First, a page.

FILM: ornana

A month ago, I left New York—drove from Brooklyn sixteen hours straight to Peachtree City, Georgia. When I pulled up, a few of my favorite people were on the back porch of a normally quiet suburban house. We were gathered to film another ornana short. The band was back together.

After a few long hugs we dove into a production meeting, because there is nothing that feels better than digging our hands in and working side by side. When late night meetings lead to early morning shoots and work is broken up only by meals together two things become imperative: faith in the project and faith in each other. Both result from individual talent collaborating fully. As a group, ornana is committed to growth through inspiration for each member by each member.

The philosophy is that if everyone is to contribute optimally then each person has to shed the “my role, your role” paradigm and open up the dialogue as, “how do we do this?” Ego can only interrupt. Each time out, the entirety of production serves as a teambuilding exercise, “how can we work together to accomplish these goals?” The extra time taken for collaboration shows through in the films, as well as the group dynamic at ornana—anything is possible when everyone involved believes. By working together in this dedicated manner ornana has been able to operate outside of the commercial filmmaking model, which is of great importance to us.

A still from our upcoming animation.

“If it was easy everyone would be doing it,” Jim Henson. If ornana had an office and if they had a break room in that office with an inspirational quote above the water cooler, it would be that one. Still, the Henson quote serves as a mantra for the group. Process is king. Shortcuts are for people who want to be doing something else. The goal is the best project, achieved through thorough focus on each step of the process, taking every opportunity to strengthen the message.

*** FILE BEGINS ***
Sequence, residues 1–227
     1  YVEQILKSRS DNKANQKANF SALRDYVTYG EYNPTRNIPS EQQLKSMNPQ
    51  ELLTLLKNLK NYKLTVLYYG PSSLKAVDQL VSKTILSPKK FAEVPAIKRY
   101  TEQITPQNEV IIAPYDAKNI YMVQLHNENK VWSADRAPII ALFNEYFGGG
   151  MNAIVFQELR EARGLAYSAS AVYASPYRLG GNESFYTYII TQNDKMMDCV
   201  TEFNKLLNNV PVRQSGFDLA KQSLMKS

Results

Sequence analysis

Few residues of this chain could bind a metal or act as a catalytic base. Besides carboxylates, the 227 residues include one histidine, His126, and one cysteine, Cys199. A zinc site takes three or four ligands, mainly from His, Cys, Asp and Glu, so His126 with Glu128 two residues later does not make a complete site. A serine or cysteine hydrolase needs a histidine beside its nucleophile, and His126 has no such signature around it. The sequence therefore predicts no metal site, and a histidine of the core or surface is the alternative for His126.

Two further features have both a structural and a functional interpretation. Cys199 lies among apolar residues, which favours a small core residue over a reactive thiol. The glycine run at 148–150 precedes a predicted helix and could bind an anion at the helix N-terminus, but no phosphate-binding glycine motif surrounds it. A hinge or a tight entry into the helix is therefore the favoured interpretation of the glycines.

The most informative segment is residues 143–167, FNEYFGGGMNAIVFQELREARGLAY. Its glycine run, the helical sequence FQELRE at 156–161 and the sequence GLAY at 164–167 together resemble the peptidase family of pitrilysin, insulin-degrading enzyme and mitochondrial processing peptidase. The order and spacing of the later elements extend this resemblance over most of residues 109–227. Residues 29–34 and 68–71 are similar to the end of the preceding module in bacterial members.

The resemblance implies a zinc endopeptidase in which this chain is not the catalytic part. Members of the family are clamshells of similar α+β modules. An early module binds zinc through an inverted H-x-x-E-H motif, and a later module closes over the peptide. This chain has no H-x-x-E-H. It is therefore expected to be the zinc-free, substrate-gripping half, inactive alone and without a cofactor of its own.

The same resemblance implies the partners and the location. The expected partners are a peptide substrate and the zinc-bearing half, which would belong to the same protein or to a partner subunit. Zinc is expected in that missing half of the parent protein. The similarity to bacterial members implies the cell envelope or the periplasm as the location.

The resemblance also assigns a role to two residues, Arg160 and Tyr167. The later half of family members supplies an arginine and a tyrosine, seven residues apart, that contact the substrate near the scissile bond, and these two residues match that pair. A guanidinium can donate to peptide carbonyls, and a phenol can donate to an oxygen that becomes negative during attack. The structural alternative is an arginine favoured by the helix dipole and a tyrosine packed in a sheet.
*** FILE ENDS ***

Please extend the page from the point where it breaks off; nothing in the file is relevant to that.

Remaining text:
Each film works to combine distinct visuals and audio to confront the audience with stories that create original experiences—layering all the elements to pull the audience into the conflict and envelop them in the narrative’s environment. To achieve full narrative immersion no part of the process can be handled perfunctorily. Instead, care must be taken to ensure each decision is made for betterment, not ease. This process-oriented approach to filmmaking has been the driving force behind work that is being appreciated at film festivals internationally. Though, dissatisfaction has taught as many lessons as success.

As time passes, ornana continues to hone these collaborative processes to create new content aimed at engaging the audience in a genuine manner. The work persists in challenging both the creators and the viewers. We are committed to pushing the limits of storytelling and film collectively. We are looking forward to sharing more of our work with you.

Check out more about ornana here and here.

And you can check out our work on exitstrata.com too– euphonia trailer

and the last short we completed (notes) on biology

[Editor's note: Benjamin Wiessner wrote the above.
He started working with ornana in 2008.]